Figure 4

Dense infiltrates of mononuclears in dermis and subcutis with a positive CD15 immunohistochemistry staining (distinguishing marker for human myeloid cells; A – 2× magnification, B – 40× magnification, respectively)


A diagnosis of acute myeloid leukaemia, French-American-British (FAB) type M4, was made. The AML-BFM 2012 [4] treatment scheme was applied (AIE, Ara-C, HAM, AI/2-CDA). The therapy resulted in multiple septic complications and hematologic toxicity grade IV according to WHO. The remission was achieved, however after 6 months a relapse was confirmed in bone marrow and eye orbit histopathologic examination (cellular infiltrate positive for CD68+, CD 15+; Ki-67 was 70%). The patient’s disease progressed and he died within 12 months of diagnosis.

Congenital leukaemia (CL) is a term applied to leukaemia diagnosed within the first month of life [59]. The criteria for diagnosis are: (i) immature cell proliferation in myeloid, lymphoid, or erythroid series, (ii) infiltration into extrahematopoietic tissue, (iii) and absence of other disease mimicking this proliferation [5, 10, 11].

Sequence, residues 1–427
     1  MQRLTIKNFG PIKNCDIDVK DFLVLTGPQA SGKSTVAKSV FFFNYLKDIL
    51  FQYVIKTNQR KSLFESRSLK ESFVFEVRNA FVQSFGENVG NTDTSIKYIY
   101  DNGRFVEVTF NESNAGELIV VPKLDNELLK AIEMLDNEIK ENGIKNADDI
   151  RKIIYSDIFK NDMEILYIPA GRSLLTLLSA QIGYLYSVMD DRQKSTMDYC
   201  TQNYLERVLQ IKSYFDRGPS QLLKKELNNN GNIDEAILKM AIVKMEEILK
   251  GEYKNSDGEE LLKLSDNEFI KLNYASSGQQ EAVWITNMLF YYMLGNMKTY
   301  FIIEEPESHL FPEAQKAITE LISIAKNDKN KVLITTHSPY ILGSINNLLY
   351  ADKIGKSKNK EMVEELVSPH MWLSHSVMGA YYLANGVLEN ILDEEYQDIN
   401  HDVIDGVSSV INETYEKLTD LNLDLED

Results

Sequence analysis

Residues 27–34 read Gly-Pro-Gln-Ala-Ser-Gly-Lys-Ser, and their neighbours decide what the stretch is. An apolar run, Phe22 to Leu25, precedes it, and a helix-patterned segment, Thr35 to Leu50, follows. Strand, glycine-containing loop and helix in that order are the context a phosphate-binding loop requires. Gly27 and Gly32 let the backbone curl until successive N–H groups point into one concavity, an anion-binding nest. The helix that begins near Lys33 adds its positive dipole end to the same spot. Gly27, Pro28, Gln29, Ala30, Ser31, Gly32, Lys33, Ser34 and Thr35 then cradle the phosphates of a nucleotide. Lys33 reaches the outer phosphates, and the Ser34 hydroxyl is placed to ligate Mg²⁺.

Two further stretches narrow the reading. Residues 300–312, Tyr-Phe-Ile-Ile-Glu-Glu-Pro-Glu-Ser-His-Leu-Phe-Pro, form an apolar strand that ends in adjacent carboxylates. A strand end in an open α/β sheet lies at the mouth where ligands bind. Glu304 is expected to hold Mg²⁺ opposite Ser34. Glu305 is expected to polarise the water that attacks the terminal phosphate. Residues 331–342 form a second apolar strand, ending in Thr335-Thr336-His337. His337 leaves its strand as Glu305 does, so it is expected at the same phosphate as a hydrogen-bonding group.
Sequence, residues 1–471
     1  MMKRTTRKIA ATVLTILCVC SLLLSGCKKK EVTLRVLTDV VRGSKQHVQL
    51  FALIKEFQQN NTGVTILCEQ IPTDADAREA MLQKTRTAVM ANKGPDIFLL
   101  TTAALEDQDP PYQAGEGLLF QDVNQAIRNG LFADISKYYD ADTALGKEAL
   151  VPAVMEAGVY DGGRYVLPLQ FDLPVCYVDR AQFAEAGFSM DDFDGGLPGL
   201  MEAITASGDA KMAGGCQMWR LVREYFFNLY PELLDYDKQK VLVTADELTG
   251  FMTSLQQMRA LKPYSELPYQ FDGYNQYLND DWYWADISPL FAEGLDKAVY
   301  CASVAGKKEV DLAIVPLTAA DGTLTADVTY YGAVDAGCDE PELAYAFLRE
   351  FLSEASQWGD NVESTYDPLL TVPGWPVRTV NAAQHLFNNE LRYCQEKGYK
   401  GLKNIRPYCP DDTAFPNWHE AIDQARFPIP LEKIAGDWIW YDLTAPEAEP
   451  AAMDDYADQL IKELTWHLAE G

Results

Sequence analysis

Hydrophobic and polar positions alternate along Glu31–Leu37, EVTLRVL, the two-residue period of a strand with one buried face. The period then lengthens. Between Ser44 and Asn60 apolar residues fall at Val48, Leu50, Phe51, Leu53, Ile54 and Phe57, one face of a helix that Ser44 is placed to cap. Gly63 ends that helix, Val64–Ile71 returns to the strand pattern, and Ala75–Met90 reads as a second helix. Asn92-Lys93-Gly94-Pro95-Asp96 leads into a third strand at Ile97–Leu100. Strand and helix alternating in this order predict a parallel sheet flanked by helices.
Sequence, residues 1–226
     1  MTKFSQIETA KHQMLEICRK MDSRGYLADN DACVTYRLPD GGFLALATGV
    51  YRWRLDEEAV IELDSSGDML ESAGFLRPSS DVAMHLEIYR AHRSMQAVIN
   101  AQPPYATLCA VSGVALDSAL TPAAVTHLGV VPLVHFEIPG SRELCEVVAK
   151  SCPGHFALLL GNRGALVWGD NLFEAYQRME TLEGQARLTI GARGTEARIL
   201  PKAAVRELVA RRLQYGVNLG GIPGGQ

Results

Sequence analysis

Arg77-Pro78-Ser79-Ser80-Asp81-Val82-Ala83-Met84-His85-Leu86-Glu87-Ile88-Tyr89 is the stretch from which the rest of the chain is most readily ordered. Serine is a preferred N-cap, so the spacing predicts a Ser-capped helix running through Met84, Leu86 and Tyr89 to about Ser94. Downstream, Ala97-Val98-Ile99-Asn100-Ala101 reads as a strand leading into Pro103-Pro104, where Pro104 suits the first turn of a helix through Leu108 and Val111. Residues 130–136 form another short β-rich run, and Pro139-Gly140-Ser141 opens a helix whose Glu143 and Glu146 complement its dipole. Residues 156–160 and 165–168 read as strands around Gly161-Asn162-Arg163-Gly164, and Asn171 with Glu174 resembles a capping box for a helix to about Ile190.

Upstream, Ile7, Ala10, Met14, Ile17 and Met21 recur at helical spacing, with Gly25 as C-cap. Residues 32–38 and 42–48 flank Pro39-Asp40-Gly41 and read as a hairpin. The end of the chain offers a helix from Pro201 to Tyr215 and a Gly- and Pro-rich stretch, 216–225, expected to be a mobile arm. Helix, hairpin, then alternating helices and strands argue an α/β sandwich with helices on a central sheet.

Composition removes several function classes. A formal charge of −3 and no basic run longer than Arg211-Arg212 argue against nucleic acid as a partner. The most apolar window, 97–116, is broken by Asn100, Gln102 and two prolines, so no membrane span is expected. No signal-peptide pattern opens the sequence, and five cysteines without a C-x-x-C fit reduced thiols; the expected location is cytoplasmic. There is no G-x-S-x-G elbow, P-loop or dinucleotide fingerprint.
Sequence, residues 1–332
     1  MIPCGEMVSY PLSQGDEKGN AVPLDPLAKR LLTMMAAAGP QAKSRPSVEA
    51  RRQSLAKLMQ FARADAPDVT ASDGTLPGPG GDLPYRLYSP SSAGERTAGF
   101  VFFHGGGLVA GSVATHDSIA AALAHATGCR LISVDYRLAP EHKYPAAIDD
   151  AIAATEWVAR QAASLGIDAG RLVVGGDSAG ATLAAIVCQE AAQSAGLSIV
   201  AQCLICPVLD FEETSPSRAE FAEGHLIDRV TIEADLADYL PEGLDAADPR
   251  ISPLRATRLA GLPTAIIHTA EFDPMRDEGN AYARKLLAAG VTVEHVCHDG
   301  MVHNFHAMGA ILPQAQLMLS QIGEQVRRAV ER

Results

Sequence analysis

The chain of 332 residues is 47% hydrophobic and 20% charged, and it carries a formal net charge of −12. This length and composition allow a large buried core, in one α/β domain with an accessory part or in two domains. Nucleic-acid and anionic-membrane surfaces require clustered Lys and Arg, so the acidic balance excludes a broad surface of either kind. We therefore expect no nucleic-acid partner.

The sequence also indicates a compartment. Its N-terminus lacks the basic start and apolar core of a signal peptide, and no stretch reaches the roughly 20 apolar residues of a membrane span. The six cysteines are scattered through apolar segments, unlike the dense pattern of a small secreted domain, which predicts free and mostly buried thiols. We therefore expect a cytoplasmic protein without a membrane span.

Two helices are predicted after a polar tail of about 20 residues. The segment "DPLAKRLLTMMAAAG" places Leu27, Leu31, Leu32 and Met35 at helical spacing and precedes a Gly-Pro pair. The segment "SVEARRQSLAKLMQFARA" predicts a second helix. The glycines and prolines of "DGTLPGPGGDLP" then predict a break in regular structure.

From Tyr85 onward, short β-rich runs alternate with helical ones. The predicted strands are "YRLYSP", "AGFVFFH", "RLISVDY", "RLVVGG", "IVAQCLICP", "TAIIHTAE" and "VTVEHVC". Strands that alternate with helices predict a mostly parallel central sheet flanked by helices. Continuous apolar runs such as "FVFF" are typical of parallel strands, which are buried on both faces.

CL is an extremely rare entity with an estimated incidence between 4.3 and 8.6 per million live births and it accounts for 0.5–1% of all cases of childhood leukaemia with approximately 200 documented cases [5, 7, 913]. The majority of CL cases are of myelogenous type, with most common variants being myelomonocytic (M4) and monocytic (M5) FAB subtypes [5, 7, 10].

Symptoms suggesting leukaemia are: hepatosplenomegaly (present in 80% of cases), central nervous system involvement (50%), lymphadenopathy (25%), lethargy, pallor, anaemia and leucocytosis [10]. In the presented case those were lacking, making the diagnosis even more challenging. The hallmark feature in our patient was cutaneous infiltration by malignant leukocytes. The prevalence of leukaemia cutis ranges from 15% to 60% of infants with CL and it may be the first manifestation of systemic disease in a half of them [5, 7, 9, 14, 15]. Cutaneous infiltrations present most commonly as firm, freely movable violaceous nodules up to 1–2.5 cm in diameter, in generalized distribution, causing the blueberry appearance. Tumours, papules, plaques, macules and ulcers might also occur [6].